Here’s a simple way to organize your taxonomies and have a bird’s eye view of the number of posts per category/tag in Hugo. The Problem As techformist.com grew, I became more and more disorganised in maintaining taxonomies. I had some interesting situations - a “static-site” category coexist with “static sites” category confusion b/w why I chose a few terms to be tags rather than categories in their own right the recurring need to “rethink taxonomy structure” depending on the flavour of the month and time of the day This often required me to go back and change a few taxonomy terms, or to reorganize site structure in order to provide better visibility to chosen topics.
Medium, Dev.to, Hashnode, Wordpress? Or, why should you invest in yourself rather than in platforms? The Problem Developers should write and write often. It may be anything - code snippets, ideas, thoughts, design principles, standards and what not. I have found that writing down things often forces me to solidify abstractions and get more clarity.
Include all content of your posts in your site feed when using Hugo static site generator. By default Hugo will include only summary in your website feed (e.g. in /index.xml). Your theme may already provide a way to provide full content instead of just the summary. If it doesn’t, you can make those simple changes yourself.
Running out of space? You have VSCode and love tinkering with it? Then do this. Well the introductory line is cheesy and shows desperation for clicks. So, I had to have them. And - no, this is not even a secret. VSCode stays sane until it goes insane with storage space.
Daily blogging by itself is not a bad thing. I changed tracks a year back to get back to development after a million years of doing something else. I thought through the idea of blogging daily, what I was going to write about, and how that would pan out through days and months.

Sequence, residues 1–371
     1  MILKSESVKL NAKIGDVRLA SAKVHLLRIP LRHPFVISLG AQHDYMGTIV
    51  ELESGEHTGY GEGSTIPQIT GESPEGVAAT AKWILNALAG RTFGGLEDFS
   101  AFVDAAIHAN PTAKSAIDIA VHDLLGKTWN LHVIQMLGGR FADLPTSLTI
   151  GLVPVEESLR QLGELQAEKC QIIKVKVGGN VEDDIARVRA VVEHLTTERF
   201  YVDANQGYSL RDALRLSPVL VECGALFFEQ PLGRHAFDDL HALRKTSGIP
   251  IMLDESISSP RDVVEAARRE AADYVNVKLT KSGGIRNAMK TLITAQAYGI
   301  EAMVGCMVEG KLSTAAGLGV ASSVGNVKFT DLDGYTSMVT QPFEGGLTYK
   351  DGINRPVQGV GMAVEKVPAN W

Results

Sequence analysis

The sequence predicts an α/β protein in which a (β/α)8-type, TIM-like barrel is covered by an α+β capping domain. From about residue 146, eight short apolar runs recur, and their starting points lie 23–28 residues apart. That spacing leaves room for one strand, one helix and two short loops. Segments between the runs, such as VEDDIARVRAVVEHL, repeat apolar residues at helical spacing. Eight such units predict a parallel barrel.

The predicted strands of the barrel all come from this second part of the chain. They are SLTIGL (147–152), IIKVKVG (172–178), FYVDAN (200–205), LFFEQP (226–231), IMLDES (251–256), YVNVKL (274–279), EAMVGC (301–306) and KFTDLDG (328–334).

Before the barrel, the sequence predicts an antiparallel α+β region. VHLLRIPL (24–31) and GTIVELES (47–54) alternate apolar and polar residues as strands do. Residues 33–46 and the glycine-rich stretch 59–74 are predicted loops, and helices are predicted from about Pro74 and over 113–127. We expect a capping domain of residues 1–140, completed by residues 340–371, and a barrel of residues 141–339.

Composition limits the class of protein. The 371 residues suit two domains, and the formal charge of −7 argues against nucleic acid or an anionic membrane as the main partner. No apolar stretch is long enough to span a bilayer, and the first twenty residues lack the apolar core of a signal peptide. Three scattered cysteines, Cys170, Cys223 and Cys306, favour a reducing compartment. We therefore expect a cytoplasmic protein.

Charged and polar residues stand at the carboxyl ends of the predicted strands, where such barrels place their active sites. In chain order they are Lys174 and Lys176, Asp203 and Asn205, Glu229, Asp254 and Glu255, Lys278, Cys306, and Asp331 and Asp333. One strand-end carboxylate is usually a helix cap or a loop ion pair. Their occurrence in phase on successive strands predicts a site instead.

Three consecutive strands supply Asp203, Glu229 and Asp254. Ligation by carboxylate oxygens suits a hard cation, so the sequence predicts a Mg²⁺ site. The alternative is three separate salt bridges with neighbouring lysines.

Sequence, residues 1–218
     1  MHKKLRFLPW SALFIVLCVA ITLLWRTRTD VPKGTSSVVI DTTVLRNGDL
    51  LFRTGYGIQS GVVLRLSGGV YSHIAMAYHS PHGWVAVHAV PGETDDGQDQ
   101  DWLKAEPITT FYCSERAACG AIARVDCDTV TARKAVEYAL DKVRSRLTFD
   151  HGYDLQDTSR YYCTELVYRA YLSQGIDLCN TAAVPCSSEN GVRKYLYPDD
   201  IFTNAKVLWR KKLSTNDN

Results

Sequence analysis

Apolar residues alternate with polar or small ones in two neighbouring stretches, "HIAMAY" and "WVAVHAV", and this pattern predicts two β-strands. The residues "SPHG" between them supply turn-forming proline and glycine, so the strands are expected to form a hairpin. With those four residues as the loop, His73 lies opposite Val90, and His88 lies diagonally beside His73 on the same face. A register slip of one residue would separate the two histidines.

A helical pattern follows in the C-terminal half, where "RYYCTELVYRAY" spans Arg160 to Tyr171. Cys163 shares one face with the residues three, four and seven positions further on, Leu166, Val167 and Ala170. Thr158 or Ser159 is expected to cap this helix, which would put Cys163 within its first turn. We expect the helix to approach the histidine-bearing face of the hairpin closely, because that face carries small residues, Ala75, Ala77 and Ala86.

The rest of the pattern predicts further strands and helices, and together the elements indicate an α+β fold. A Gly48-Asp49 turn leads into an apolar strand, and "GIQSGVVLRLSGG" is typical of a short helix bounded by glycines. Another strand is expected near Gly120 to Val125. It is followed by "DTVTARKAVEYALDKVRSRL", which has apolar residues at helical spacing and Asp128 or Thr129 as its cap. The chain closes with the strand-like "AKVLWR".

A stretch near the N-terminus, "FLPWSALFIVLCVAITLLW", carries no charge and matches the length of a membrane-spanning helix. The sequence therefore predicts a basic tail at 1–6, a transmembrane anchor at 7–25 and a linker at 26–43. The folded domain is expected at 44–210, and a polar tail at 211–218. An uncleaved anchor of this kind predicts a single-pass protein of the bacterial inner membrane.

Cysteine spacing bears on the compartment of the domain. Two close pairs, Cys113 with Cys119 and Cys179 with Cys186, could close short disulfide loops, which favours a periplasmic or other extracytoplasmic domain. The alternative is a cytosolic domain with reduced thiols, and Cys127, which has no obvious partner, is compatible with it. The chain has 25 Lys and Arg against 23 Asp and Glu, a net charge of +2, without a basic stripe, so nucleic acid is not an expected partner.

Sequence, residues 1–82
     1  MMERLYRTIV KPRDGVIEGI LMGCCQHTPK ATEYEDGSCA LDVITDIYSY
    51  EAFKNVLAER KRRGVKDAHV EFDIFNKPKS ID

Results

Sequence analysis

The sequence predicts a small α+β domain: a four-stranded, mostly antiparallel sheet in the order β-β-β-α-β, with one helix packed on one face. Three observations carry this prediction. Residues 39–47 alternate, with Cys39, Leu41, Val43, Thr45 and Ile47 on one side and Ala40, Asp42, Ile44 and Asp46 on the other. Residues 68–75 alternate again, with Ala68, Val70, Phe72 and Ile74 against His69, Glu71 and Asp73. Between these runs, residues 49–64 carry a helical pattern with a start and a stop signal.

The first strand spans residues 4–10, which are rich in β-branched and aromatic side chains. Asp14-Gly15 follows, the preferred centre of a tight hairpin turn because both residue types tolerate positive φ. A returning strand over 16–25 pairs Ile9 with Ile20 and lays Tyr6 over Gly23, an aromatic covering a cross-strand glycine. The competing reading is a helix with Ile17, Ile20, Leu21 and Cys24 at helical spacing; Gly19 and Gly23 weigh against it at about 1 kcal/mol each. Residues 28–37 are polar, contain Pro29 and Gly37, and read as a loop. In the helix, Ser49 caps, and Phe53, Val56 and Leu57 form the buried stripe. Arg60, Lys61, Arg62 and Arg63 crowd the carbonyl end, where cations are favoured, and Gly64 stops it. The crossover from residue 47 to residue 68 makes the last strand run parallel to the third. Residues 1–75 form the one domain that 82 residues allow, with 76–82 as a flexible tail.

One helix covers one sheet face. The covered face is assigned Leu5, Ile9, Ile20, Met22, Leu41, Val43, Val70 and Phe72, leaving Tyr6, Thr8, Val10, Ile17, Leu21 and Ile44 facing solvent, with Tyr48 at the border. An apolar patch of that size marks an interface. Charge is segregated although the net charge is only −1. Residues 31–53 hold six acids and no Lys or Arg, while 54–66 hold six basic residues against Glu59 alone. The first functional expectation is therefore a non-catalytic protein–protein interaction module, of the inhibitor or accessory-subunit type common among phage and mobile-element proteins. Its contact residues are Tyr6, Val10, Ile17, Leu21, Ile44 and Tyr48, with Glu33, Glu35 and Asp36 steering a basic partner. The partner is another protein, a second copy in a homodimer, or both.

Adding PWA to your Hugo static site is quite easy. What is PWA and why should I add it? Progressive web applications (PWA) are a nice way to give your websites an “app makeover”. Using PWAs your sites are perceived to load faster, are available offline, and in general improve user experience.
Here’s a quick way to prevent emails from going out in test environments in AdonisJS. We typically end up getting production data in part or in whole to test environments for a “proper” round of testing on real data. But all the data attributes cannot be so “real”. We typically end up changing fields like emails so that customers do not start receiving emails from non-production environments.
While we love to have production-like environments for user testing, managing data and the test environments can present unique challenges. In today’s enterprises it is fairly common to have multiple test environments including staging, system / user testing environments and so on. These environments expect production-like features but only for specified users.
Why do I use GraphQL? Also, the case for not using GraphQL. You must have seen the previous post where I waxed eloquent about how I mess up my Rest APIs. There was no way I would be satisfied doing that to a single technology stack. Ergo, GraphQL. What is the need for GraphQL?
How not to design Rest services? This is not a theoritical introduction to Rest - there’s something called the ‘Great Internet’ for that. But, what I do want to (cautiously) write about is how I mess up the design principles carefully laid out by smarter people. Practice 1: Use verbs in resource names We typically use the following API names -
Blazor has three hosting models - as I see it :) Server Client Client++ We will look at them in brief below. Server Server hosted implies the entire application being hosted on server. A razor-thin (no pun) app is delivered to client and there on client relies on server for everything.
Format your markdown using prettier and you are off to the races. Hugo static site generator keeps everything simple. I just love the power of typing in something in markdown, and seeing the finished HTML pages and blog formatted to specs (in no time, I might add). I use VSCode for writing markdown text.